Everything you want to know about Squamish
Thousands of climbers roll into Squamish every year in search of that granite fix the area is known for.
In 2008, Kevin McLane, the author of many of the now-famous Squamish guidebooks, authored a report title Squamish Climbing Strategy Report. The report is a document which outlines how the West Coast community can work toward a sustainable future.
The Ministry of Environment (BC Parks), the District of Squamish, and the Sea to Sky Highway Improvement Project (MOT) commissioned the Squamish Access Society to produce this comprehensive analysis report on the present state of climbing at Squamish, British Columbia.
Notes from the report
The Stawamus Chief, better known simply as ‘The Chief’ is one of the most famous rock climbing centres in the world, the premier climbing centre in Canada, and the most popular hiking peak in Canada. Its high international exposure on the Sea to Sky Highway and over a quarter of a million annual visits from climbers and hikers have established the Chief as the premier frontcountry provincial park in British
Columbia. The traditional name by which the Big Stone is known to Squamish Nation, is Siyam: ‘Respected One’, adds further testament to this.
The reasons for this lie in the extraordinary shape of its wonderful granite dome, its open rocky summits,the immaculate rock, the hundreds of splitter cracks, the long demanding free climbs, the hundreds of largeboulders scattered along its western and northern walls, the stunning summit views, the short approach, the Paciﬁc Ocean, urban Squamish and its estuary below, and a major city an hour away. With the Malamute at the ocean’s edge and the nearby Smoke Bluffs Park, Murrin Park, Shannon Falls Park, and Skwelwil’em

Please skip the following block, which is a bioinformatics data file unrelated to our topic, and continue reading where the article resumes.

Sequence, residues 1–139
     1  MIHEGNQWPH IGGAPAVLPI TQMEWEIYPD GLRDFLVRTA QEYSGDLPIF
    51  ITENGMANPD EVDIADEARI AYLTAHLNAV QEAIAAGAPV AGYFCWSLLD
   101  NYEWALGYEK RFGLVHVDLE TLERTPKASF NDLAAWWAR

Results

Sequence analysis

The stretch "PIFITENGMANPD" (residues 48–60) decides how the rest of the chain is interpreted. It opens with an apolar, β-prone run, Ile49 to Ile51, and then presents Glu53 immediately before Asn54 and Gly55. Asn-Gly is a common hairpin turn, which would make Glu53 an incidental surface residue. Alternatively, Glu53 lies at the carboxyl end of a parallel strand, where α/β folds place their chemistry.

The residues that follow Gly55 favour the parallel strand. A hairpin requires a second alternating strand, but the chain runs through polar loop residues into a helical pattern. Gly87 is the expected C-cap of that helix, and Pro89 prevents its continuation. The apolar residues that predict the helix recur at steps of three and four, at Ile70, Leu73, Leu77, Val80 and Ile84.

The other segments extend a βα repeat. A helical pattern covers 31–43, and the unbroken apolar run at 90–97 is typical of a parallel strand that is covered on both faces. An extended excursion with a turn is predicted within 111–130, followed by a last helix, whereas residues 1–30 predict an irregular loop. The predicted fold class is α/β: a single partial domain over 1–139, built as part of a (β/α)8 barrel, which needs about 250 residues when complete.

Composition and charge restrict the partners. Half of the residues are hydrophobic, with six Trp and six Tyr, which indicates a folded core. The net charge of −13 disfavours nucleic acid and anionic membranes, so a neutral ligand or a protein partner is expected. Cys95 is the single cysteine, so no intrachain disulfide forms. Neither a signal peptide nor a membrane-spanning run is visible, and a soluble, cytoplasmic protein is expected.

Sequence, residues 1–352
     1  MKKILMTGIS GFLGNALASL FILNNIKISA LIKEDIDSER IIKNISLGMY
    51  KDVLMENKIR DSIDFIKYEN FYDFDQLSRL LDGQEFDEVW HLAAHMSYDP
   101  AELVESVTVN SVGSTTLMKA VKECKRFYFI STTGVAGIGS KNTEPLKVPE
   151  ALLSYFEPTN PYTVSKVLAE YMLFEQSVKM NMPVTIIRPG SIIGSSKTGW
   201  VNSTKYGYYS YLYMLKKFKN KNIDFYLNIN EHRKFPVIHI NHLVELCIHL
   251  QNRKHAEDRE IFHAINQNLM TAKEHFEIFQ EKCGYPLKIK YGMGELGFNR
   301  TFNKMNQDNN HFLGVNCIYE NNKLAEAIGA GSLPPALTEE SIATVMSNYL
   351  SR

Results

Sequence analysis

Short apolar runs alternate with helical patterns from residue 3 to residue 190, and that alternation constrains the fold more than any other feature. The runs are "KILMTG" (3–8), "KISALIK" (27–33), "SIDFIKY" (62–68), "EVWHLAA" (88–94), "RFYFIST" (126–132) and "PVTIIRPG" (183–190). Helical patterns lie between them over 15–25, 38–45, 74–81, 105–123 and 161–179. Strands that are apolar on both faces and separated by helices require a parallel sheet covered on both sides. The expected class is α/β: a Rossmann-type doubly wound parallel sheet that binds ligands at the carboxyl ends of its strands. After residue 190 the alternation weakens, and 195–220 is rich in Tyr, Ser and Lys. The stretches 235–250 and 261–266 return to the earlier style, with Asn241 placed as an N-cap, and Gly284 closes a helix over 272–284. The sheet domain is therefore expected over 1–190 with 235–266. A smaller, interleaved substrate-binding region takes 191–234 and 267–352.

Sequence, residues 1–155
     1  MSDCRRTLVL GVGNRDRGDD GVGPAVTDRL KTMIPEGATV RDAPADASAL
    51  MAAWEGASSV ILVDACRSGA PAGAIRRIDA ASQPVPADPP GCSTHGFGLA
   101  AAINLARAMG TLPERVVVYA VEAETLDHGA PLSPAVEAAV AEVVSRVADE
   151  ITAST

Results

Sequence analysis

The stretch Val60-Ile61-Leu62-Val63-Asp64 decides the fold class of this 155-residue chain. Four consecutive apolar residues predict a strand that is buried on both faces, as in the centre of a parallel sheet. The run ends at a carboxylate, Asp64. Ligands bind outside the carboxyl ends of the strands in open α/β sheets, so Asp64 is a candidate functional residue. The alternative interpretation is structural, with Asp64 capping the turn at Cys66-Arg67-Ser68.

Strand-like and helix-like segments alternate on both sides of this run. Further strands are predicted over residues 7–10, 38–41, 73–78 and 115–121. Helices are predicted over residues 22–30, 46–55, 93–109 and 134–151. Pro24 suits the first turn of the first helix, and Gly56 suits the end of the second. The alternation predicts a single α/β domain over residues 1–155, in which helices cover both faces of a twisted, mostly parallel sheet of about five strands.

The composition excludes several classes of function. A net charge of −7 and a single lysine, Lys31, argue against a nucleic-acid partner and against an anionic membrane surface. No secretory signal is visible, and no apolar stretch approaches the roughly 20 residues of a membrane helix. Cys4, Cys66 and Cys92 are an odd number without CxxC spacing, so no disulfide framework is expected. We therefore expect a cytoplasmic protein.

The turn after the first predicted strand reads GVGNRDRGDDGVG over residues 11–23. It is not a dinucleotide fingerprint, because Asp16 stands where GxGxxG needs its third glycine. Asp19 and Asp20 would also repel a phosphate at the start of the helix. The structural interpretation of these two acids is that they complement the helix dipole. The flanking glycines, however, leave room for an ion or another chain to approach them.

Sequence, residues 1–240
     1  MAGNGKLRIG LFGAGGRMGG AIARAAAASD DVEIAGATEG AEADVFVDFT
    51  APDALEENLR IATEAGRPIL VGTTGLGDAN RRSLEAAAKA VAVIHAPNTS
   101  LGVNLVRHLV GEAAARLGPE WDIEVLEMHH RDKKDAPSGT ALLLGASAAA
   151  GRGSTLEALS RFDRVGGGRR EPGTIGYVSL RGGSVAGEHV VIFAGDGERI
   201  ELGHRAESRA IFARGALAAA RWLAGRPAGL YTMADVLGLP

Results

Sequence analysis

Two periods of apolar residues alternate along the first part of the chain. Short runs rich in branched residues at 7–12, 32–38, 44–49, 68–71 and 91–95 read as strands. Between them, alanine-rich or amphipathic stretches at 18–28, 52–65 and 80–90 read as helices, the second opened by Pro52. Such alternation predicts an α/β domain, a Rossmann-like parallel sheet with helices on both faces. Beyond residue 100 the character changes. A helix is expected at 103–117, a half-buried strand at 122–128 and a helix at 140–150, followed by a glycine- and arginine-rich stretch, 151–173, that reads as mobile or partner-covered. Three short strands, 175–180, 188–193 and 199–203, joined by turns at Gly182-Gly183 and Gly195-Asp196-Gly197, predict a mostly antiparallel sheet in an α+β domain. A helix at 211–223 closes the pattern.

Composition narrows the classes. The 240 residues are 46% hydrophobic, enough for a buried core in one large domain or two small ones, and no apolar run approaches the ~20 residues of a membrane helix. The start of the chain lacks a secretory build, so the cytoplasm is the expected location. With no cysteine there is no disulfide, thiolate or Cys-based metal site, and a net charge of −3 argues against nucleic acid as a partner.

Wildlife Area in the estuary, there is a very wide range of climbing, hiking and viewing experiences in one compact area.
The study area is rock climbing and bouldering at Squamish, as understood within its branding as the Outdoor Recreational Capital of Canada, and principally addresses Stawamus Chief Provincial Park, Shannon Falls Provincial Park, Murrin Provincial Park, and Smoke Bluffs Municipal Park, with commentary on the wider region from south of Britannia Beach to the Cheakamus Canyon.
Based on the sustained historic growth rate of five-per cent to seven-per cent annually, the projected number of rock climbers visiting this region is estimated to double within eight to 12 years. With this in mind, the report seeks to present a comprehensive portrait and analysis of the infrastructure of Squamish climbing as it is today, and recommend actions to absorb growth and establish a sustainable recreation asset management program based on the three Smart growth pillars of environmental, social, and economic planning.
For more from the report see here:
Squamish Climbing Strategy Report